Shine Your Light & Shake Your Salt

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After sitting behind several cars in the drop off line at the middle school, it was my turn to pull up to the school entrance. As always, I told my youngest daughter that I loved her, I’d see her after school, and to have a great day. But I was also in the habit of a few more parting words. As she opened her car door, she knew what was coming. She quickly darted her eyes to see who might be within earshot of me as I always ended my goodbyes with, “Go shine your light and shake your salt!” This was followed by rolled eyes, a smile, and a final “love you too!”

Of course, my admonition comes from Matthew 5:14-16 which says that Christians are to be a light that shines to all those within our own house (verse 15), to those in our communities (verse 14), and to the whole world (verse 14). It isn’t about showing off our good works to be seen, but rather to point people to the Father. Matthew 5:13 compares Christians to salt. We are told that if we aren’t adding our “flavor” to those around us, we are “good for nothing!”

So how do we shine our light and shake our salt to influence others? Here are a few thoughts:

Be intentional. We need to be intentional about our Christianity. We often make general statements like, “I want to be a good example to everyone I meet.” That’s fine, but it isn’t specific enough. Find an individual or a group of people that you want to influence for Christ. Be able to name them and specifically mention them in your prayers. It could be someone you see daily at work, school, the community, social activities, or even at church. You may choose an elderly person, a young mother, a teenager, or a young child. Just find someone with whom you can make a personal connection.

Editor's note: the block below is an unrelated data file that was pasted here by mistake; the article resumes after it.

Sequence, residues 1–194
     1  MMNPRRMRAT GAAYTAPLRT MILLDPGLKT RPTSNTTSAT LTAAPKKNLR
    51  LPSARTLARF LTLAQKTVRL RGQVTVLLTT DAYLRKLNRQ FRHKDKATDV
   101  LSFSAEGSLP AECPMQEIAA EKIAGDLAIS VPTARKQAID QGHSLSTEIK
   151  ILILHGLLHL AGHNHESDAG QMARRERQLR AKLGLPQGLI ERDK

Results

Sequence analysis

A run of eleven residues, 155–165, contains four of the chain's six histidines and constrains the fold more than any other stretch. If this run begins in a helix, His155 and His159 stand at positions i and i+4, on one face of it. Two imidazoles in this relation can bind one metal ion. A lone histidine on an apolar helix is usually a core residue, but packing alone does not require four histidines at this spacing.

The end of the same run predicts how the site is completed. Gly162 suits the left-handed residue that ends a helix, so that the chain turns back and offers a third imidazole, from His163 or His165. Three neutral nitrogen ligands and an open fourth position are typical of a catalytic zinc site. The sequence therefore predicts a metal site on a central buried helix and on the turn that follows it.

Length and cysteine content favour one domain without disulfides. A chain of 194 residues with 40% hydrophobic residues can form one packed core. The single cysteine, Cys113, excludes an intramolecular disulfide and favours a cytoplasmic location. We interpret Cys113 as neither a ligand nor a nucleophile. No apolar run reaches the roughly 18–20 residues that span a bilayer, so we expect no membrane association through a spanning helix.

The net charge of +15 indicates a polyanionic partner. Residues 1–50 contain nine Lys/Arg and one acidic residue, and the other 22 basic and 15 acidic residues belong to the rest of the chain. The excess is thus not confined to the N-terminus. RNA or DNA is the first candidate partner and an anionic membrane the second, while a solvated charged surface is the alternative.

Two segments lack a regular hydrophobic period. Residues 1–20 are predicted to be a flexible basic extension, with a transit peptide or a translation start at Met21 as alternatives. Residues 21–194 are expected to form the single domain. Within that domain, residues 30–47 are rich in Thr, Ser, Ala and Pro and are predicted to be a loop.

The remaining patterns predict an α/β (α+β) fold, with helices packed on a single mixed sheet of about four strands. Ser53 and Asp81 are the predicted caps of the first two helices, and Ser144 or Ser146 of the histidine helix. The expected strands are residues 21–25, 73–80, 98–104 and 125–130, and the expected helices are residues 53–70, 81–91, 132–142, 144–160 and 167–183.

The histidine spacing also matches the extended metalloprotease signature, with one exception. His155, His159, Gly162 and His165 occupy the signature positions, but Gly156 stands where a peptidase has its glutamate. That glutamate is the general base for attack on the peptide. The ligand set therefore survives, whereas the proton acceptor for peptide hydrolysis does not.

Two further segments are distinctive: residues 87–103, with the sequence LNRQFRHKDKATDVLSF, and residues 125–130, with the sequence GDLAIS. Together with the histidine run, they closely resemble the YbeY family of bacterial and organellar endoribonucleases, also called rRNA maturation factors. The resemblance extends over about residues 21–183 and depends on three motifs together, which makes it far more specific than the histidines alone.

Be authentic. No one likes a pushy salesperson. It is possible to come on too strong or too aggressively, talk more than we listen, and push our agenda rather than focusing on theirs. People will see through phony attitudes and behaviors (Psalm 5:9, Titus 1:16). Our motivation should always be about love and genuine concern for the other person. Their life, their situation, their problems are more important than our own (Philippians 2:3).

Be a person of integrity. If we want to influence someone, they need to trust that we are who we say we are. No one likes a hypocrite (Matthew 7:5, Romans 12:9)! We need to be sure that how we portray ourselves privately matches how we portray ourselves publicly in our speech, our morality, and our faithfulness (Galatians 6:3).

Pray for opportunities. We are told to do good for others as we have opportunity (Galatians 6:10). However, we should also pray for God to open up those opportunities for us (1 John 5:14-15). When we are working along with God, according to His will, there is no limit on the good that can be accomplished and the impact made in the lives of others.

Teach others. We all have something to share with others. We can teach formally in Bible classes, but also in everyday ways through emails, social media, cards, Bible correspondence courses, and conversations. Sharing the gospel and the blessings God has given us should be a natural outpouring of what we have received (Hebrews 13:16).

Serve and encourage others. We need to show people that we care about them. When we build people up through encouraging words (1 Thessalonians 5:11, Hebrews 3:13) or serve others by doing good deeds (Ephesians 2:10, Titus 2:7), we get their attention. Especially look for people who are struggling or hurting in life. When people are at their lowest, your good deeds won’t go unnoticed.

Know the risks. Remember that not everyone will appreciate your light. Putting yourself out there can lead to personal rejection, ridicule, and even persecution (Matthew 5:11-12).

When our lives reflect Jesus through our words, attitudes, and behaviors, people will notice. By being intentional with our Christianity and putting the spotlight on God rather than ourselves, we can help others see the Father more clearly with a light that shines in a dark world and a salt that flavors the lives of others.